cGilbert is now in his second season of hunting. Last year, at 6 months of age, he came along on our bird hunt helping us find grouse for the first time. This trip he was an integral part of the hunt. He normally is a 'therapy dog' where his gentler side is best displayed. In the backwoods of Northern British Columbia his more ferocious and courageous side was most evident. He had many functions beyond the normal confidant and cheer leader capacity. He protected the campground and RV barking away bears. Laura felt safest when he stayed with her.
Several days of hard heavy hunting and the beginning of the rains, he crawled back into bed with Laura rather than accompany Luke and me at 4 am. He figured she needed his comfort and protection those days. She spoiled him, feeding him treats, pulling burrs out of his hair, and wading by the lake where he was thorougly captivated by all the minnows. Later he told Luke and I that he really was tough drawing the line when painting her nails pink she eyed him with interest. Maybe if she'd had cammo green.
. At other times he'd leave the raw windy cold outdoor back seat of the ATV and comfort Luke in the warmth of his truck drying himself out and cheering Luke with his enthusiasm.
Luke and I both shot several grouse and Gilbert found several birds we would have lost in the heavy under brush. Back at camp when Luke went swimming Gilbert observed him as intently as any qualified lifeguard.
On the rife range he served as monitor happiest when the firing was done to bullet himself off to check the targets and look for grouse in the proximity of where we'd been shooting. His greatest achievements on this trip were searching for what we thought was a bear wounded at dusk. Gilbert circled the whole area sniffing for blood, running patterns through the wood and confirming the bear had lived for another day. The area was thick with bear sign but nothing that sent him off like a blood hound on a trail. That came when I nicked a moose with poor shot creating a blood trail that led deep into the marsh before the bleeding stopped. Gilbert's nose was red with blood from sniffing and following the track. But then the blood dried up and the trail got confusing and I was so exhausted I almost fell down. Further we were lost. Luke, who turned out to have great tracker skills, having followed the trail with Gilbert wanted to stay on while I hoped I could get back to the road following my compass siting. I had to climb dozens of chest high fallen logs which Gilbert took with leaps hauling his little belly over the last bit to bound on to the other side. A regular Marines obstacle run with knee deep marsh. We made it back and when Luke could be heard coming out Gilbert ran to show him the way.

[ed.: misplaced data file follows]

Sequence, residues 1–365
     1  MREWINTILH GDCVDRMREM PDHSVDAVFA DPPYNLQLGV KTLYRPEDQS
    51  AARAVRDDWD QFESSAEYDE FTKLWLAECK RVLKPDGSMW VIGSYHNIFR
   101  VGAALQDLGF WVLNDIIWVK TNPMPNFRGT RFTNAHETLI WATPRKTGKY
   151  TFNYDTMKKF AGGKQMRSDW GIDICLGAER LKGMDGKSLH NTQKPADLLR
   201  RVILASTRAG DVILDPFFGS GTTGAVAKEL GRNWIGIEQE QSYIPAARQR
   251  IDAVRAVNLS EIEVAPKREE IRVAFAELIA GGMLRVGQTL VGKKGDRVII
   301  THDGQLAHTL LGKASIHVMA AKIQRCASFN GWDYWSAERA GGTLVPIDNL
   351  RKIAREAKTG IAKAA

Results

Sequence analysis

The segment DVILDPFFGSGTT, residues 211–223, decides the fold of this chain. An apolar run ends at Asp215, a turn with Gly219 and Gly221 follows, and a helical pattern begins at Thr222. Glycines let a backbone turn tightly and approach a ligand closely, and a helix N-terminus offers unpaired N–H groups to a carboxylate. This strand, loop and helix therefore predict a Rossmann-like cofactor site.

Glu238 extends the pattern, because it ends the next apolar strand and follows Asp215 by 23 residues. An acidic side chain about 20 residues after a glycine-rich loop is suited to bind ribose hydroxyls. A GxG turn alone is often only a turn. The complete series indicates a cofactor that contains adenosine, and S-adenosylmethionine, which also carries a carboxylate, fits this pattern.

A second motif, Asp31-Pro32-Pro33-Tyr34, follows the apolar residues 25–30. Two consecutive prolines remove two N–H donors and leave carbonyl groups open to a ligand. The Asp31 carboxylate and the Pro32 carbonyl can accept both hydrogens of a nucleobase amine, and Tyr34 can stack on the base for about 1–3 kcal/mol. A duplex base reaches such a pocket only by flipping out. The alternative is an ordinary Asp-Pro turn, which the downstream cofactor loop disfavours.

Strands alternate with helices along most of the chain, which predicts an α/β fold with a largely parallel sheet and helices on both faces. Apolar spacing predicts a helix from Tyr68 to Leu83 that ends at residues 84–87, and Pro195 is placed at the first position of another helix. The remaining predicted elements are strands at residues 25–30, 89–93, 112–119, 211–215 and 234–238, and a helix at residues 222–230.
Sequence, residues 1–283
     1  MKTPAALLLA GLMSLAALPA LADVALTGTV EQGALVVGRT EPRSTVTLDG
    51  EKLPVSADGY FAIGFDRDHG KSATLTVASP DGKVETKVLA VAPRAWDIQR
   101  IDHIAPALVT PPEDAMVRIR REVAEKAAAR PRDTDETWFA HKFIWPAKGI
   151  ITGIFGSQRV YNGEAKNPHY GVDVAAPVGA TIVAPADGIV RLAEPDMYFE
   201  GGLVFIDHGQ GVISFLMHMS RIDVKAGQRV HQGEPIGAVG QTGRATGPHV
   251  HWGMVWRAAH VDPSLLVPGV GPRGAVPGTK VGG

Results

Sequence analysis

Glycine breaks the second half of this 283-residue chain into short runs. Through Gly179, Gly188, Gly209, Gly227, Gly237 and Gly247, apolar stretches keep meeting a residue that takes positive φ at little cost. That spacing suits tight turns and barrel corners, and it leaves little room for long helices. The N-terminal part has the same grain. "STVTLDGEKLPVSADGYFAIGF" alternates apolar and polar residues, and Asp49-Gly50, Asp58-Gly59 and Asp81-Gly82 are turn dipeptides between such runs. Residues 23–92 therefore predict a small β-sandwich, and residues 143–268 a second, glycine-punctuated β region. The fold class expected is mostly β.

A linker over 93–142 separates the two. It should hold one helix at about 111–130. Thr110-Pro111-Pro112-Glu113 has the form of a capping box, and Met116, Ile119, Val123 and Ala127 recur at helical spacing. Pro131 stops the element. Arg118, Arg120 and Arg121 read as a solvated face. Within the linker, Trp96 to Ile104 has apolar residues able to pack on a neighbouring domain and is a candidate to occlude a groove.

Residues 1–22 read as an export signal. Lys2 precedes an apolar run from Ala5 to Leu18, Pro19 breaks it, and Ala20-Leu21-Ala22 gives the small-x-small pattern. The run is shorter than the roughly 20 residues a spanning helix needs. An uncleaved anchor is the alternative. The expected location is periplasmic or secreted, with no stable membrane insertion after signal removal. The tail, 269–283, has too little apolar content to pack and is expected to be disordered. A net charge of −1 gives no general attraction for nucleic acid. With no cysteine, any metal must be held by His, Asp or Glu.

He was forever checking up on us when we were hunting as a group, heeling behind me on command when we were alone together, ranging forward on command when told as well. "Having Gilbert in the truck with me makes me realize how much I want a dog again.'
What a great hunting companion Gilbert is! Cockapoos are a cross breed of cocker spaniel and poodle, both famed as hunting dogs. With his running leaps scanning the environment around him and great tracking nose he's also fearless despite only being 15 pounds of sheer enthusiasm.